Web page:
When Blyth says, “it’s a matter of political will” that is not something to be elided. When you hear that phrase it usually indicates corruption. In this case, the entire system they are discussing is corrupt. Something to think about when you choose to find your hope in electoral politics. I’m not saying don’t be involved in electoral politics, but when capital can buy politicians and elections, a more radical approach is the only thing that can break that kind of power. What is it? Well, it starts with people coming together locally, then nationally, then internationally in a way that builds power. That power and organization will eventually have to be equal to or greater than the power of capital. If people just come together for protests and to vote, there is no hope to be had.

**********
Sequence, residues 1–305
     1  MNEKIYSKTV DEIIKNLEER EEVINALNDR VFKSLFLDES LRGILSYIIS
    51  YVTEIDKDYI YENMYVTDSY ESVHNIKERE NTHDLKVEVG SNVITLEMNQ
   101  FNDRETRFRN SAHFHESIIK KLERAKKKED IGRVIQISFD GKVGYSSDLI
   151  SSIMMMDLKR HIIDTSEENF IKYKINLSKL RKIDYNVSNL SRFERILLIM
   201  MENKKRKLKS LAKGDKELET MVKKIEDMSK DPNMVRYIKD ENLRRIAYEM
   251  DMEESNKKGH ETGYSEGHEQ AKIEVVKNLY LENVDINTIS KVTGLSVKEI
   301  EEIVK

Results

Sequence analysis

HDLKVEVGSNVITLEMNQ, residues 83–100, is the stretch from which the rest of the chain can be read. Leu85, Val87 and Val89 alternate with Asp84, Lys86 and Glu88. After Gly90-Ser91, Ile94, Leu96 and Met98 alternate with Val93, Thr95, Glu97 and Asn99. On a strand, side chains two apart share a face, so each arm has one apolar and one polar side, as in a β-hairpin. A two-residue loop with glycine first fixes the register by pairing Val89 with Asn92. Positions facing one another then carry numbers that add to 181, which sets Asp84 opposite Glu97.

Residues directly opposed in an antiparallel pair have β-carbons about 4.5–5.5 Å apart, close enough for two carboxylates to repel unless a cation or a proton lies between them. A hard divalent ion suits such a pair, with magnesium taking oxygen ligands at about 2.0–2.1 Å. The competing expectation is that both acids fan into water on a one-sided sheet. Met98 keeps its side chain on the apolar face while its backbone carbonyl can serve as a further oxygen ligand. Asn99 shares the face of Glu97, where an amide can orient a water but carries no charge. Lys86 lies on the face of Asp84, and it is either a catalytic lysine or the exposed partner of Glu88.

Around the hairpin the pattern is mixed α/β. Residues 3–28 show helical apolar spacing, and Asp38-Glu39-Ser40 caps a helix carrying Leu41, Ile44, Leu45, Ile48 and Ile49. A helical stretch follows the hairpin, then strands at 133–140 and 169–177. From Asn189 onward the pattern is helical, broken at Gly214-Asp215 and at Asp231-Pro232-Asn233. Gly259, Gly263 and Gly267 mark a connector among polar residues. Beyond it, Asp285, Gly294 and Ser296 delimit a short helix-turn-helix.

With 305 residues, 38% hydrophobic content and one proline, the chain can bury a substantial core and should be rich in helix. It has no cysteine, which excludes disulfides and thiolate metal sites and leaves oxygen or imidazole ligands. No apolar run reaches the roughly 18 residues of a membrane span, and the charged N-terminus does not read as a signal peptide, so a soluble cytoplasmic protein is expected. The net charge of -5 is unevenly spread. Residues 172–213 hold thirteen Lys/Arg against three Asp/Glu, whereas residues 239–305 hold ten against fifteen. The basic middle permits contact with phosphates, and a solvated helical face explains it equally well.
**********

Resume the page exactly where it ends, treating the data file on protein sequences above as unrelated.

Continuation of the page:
“I seem, then, in just this little thing to be wiser than this man at any rate, that what I do not know I do not think I know either..”
Apology by Plato
The events of the last week will undoubtedly shape the future of Britain in a monumental fashion. First, an election like none we have seen for fifty years. Called in hubris, led to nemesis, won, in truth, by no one. History-making nonetheless. The prevailing wind of politics has changed, now blowing Left of centre for the first time in nearly a decade. Corbyn has an approval rating of +6, Theresa May a disapproval rating of -34, nearly mirror opposites of where they stood in November. Who knew?
Theresa May and the Conservatives struck a conciliatory tone. “Austerity is over” they said, in radio interviews, in leaked excerpts from backbencher committee meetings. The “mood has…
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